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|Title: ||Forever young – why we still love vampires in the 21st century.|
|Authors: ||Lima, Maria Antónia|
|Issue Date: ||Jun-2012|
|Publisher: ||Universidade do Minho|
|Citation: ||Forever young – why we still love vampires in the 21st century. Plenary Lecture in Dracula and the Gothic in Literature, Pop Culture and the Arts - An interdisciplinary colloquium at the centenary of Bram Stoker’s death, University of Minho, 20-30 June, 2012.|
|Abstract: ||Forever young – why we still love vampires in the 21st century.
The astonishingly enduring influence of the vampire myth on many young people today is a phenomenon that reveals the relevance of one of the nineteenth century's most powerful surviving archetypes, which never seems to fade. Yet since Bela Lugosi's portrayal of Bram Stoker's Dracula, the figure of the vampire has undergone many transformations; in recent years, this is thanks to Anne Rice's Vampire Chronicles and other works such as Elizabeth Kostova’s The Historian and Stephanie Meyers’s Twilight series. While seeking to avoid turning the study of vampires into a trendy pursuit, we strive to achieve a broader understanding of how pervasive the vampire tale currently is in world culture and why this may be so at this particular time, interested as we are in images of eternal youth and discovering what the vampire myth can tell us about sexuality, power, alienation, sickness, evil, loneliness and death. Vampirism, not just as a looming presence in the night, but as a symbol of our own human insecurities and desires for love, justice and freedom, we may conclude, like Nina Auerbach in Our Vampires, Ourselves, “springs not only from paranoia, xenophobia, or immortal longings, but from generosity and shared enthusiasm. This strange taste cannot be separated from the expansive impulses that make us human." In their search for a lost sense of humanity that makes them feel like lost souls in an era of crisis, it is only natural that young people see in the image of the vampire the reflection of themselves, and find an archetype for their identity as humans and one of the most plausible answers to the question of what it means to be human. Through blood legends recreated in literature, films and art, they are transported to a place where they feel close to their origins, where they can find meaning for their lives. In a century which is permeated by economic uncertainty, we need to be reassured that “The Blood is the life!” (Bram Stoker, Dracula).|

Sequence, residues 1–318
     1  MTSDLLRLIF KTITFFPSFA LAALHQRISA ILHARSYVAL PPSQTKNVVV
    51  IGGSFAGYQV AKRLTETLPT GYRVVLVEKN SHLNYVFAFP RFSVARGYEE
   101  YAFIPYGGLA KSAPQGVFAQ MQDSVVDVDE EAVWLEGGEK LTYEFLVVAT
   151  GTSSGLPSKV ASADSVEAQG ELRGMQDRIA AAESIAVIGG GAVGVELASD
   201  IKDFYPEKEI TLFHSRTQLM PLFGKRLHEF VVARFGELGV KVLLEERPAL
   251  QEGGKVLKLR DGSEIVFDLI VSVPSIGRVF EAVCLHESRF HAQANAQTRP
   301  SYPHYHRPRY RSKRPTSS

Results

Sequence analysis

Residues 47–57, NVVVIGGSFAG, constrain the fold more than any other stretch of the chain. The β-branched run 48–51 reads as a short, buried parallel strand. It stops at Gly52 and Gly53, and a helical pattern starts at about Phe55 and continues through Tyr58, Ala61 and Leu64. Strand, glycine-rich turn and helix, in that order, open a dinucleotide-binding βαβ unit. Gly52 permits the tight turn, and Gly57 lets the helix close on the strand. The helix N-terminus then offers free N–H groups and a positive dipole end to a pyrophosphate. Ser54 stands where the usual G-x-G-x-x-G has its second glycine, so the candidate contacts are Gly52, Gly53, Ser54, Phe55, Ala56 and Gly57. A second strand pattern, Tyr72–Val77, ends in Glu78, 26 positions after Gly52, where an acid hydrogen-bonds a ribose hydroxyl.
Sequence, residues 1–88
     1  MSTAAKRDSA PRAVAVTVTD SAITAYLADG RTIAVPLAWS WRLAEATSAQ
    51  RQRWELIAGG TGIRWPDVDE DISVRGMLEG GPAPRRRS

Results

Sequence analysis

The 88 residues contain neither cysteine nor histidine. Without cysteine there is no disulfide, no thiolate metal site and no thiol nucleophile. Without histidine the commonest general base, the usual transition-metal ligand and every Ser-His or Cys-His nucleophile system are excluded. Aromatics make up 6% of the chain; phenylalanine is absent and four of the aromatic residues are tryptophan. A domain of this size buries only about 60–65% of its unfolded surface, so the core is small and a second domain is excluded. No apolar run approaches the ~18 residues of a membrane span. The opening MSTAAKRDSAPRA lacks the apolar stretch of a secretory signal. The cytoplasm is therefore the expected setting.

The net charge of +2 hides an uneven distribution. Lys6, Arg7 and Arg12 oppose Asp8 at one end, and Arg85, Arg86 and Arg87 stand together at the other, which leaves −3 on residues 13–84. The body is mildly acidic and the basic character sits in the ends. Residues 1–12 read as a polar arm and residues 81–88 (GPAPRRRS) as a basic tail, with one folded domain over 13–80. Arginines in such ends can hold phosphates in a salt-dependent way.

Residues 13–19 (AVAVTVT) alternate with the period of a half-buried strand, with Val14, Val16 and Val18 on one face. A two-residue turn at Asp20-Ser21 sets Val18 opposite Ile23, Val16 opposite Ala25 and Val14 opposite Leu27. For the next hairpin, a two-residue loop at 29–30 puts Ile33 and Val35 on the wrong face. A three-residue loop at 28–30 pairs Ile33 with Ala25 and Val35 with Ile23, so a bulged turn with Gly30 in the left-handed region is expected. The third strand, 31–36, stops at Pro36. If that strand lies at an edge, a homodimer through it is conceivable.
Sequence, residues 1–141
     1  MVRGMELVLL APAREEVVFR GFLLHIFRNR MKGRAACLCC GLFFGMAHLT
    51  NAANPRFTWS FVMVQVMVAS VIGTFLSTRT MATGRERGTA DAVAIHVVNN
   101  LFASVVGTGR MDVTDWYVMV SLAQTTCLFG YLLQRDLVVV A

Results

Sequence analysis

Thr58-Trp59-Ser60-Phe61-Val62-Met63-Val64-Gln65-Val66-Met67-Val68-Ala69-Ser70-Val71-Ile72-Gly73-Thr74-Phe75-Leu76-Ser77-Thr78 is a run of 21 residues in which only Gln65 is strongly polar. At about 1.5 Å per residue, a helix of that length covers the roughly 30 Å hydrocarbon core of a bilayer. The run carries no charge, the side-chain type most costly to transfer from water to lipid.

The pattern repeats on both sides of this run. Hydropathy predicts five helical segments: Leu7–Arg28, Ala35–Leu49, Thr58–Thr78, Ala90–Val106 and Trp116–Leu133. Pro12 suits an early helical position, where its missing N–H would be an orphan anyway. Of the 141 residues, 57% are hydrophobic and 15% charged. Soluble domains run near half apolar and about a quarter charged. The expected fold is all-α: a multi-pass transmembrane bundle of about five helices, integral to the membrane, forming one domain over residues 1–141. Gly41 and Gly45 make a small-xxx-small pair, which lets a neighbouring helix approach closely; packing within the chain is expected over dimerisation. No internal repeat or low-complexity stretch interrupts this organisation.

|Appears in Collections:||LLT - Comunicações - Em Congressos Científicos Internacionais|
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